Fake text messages offering “free” PCR test orders are received by “TestNTrace”.
Unwary members of the public are urged to be careful not to become victims of a Covid contact tracing text scam currently in circulation.
Text messages claiming to be from “TestNTrace” inform recipients that they have been in contact with someone infected with the Omicron variant of the virus.
They also include a fake NHS link with instructions on how to use that link to get a free PCR test kit.
But what should you do if you get one of these messages?
Here’s everything you need to know.
How does the scam work?
Ultimately, the fraudulent SMS messages target people who are at particular risk for health problems due to exposure to Covid-19.
With free tests now harder than ever to come by, the chance for freebies can be welcomed by anyone worried about Covid infection.
If you click on the link provided you will be taken to a landing page which looks like a typical NHS page – all links also lead to legitimate NHS websites and information portals.
“You only have to pay £0.99 to have the kit shipped,” the site promises, before taking you to a page where you can enter your personal details.
Does NHS Test and Trace still exist?
Routine contact tracing by NHS Test and Trace ended in England on 24 February 2022 as part of the government’s ‘Living with Covid’ plan.
And the government ended its track-and-trace program when it ended the legal obligation to self-isolate in February.
Because of this, there is no logical reason why a service would know that you were in “close contact” with anyone.
The fake website claims that PCR tests are mandatory for those who have been in contact with a confirmed case of Covid-19, but this has not been the case for several months.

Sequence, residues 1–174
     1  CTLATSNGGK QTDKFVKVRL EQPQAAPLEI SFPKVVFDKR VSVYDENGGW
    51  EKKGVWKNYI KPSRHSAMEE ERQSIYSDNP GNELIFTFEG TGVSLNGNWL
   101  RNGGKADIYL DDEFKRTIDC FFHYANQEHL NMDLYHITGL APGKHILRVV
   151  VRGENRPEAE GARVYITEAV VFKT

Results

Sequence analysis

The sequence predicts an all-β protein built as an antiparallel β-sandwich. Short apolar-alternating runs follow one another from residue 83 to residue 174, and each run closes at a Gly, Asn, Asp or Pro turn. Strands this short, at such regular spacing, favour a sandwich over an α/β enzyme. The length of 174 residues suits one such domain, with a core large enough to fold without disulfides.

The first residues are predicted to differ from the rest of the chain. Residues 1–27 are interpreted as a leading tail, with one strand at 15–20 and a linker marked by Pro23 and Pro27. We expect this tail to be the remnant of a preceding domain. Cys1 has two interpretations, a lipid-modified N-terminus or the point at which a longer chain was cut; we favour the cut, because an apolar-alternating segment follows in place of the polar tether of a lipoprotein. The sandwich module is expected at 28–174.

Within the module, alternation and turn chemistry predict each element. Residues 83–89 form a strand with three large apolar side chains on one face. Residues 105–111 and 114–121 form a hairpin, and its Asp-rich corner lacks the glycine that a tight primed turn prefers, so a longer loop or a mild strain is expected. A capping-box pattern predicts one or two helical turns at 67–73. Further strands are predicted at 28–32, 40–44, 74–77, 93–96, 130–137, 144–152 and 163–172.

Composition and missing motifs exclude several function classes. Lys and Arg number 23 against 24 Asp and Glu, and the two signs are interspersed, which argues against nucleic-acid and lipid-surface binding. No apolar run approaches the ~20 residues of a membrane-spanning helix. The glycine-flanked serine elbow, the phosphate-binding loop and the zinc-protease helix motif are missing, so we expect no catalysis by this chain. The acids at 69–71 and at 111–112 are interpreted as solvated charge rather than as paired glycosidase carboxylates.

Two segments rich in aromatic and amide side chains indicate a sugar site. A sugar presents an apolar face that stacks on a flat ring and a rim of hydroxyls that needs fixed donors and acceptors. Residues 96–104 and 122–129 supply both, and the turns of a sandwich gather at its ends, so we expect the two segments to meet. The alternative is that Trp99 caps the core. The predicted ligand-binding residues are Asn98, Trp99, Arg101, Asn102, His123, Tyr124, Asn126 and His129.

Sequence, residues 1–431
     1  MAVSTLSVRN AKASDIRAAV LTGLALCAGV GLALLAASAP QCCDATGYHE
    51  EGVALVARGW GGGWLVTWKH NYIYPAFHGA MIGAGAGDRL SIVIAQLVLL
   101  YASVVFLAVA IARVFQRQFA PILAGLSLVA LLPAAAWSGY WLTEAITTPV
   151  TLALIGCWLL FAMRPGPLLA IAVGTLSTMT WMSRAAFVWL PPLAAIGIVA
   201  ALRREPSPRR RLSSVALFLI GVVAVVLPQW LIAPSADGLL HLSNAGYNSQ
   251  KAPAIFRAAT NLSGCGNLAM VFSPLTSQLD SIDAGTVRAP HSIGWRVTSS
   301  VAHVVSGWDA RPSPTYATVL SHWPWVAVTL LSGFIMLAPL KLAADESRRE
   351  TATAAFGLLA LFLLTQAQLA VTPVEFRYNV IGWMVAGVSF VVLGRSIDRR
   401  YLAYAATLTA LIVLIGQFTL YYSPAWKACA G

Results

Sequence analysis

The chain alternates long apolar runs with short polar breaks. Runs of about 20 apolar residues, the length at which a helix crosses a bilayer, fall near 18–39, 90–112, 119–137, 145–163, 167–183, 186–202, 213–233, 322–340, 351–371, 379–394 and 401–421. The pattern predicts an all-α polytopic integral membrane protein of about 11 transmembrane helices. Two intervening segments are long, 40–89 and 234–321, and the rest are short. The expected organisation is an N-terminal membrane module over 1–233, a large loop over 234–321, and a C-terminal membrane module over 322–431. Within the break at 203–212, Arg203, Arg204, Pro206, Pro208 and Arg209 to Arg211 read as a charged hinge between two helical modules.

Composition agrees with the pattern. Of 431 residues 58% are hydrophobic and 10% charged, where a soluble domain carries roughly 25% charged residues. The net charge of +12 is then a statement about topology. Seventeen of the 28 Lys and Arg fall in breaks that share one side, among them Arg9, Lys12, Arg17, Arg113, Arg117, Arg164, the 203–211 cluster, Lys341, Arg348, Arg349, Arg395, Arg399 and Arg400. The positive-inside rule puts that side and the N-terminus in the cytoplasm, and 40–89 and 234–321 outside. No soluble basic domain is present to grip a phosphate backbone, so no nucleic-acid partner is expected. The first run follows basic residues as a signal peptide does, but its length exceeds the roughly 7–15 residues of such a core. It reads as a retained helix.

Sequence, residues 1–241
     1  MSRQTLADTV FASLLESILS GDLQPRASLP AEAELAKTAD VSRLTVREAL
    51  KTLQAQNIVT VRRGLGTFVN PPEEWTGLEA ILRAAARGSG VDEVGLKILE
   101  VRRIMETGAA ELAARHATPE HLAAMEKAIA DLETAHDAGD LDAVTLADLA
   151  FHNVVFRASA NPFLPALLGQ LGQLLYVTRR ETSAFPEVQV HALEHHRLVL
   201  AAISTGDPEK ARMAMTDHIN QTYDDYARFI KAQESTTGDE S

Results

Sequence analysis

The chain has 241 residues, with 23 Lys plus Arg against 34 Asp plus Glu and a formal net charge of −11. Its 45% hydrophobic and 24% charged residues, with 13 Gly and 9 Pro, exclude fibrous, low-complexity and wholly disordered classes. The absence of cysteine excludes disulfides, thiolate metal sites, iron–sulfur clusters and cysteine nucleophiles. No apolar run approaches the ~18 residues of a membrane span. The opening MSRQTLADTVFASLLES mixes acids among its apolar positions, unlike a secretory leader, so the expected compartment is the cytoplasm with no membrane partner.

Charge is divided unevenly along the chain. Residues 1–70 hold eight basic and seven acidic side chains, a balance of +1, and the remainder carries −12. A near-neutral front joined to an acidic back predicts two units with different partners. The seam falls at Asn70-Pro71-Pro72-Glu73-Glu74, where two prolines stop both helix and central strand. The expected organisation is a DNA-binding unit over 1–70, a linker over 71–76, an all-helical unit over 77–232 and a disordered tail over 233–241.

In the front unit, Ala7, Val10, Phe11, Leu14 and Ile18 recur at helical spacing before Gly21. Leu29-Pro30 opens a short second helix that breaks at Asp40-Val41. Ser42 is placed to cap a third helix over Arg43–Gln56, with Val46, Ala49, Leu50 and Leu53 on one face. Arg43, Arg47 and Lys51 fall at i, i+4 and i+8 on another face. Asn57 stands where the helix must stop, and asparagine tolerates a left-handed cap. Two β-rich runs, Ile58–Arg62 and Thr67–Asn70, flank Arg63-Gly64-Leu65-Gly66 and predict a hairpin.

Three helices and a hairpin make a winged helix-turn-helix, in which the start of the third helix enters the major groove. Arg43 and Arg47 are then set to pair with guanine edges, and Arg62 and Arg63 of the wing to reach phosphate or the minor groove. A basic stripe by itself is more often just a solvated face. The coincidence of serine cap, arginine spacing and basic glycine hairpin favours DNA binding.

“Failure to register could result in movement restrictions,” explains the fake website. Since when have there been “restrictions on movement”?
Since Test and Trace is no longer usable in the “traditional” sense, “TestNTrace” texts should definitely be ignored.
The real NHS Test and Trace would never have:
- Asked for bank details or payments
- Asked for details about other accounts e.g. e.g. social media
- Asked you to set up a password or PIN over the phone
- Asked you to call a premium number beginning with 09 or 087, for example
What should I do once I clicked the link?
If you clicked the text message’s dud NHS link, don’t panic just yet. There are still measures you can take to protect yourself.
First, if you accidentally clicked the link, close the webpage immediately.
Never enter passwords or other personal information on a page you opened by following a link in an unsolicited text message.
If you entered credit or debit card information, block your card immediately (many accounts offer this service) by contacting your card issuer.
Suspicious text messages should be forwarded to Ofcom free of charge on 7726 and then deleted.
https://www.nationalworld.com/health/is-test-and-trace-still-being-used-nhs-service-still-operating-scam-testntrace-pcr-test-text-message-fake-3707770 Is Test and Trace still used? Scam PCR test texts explained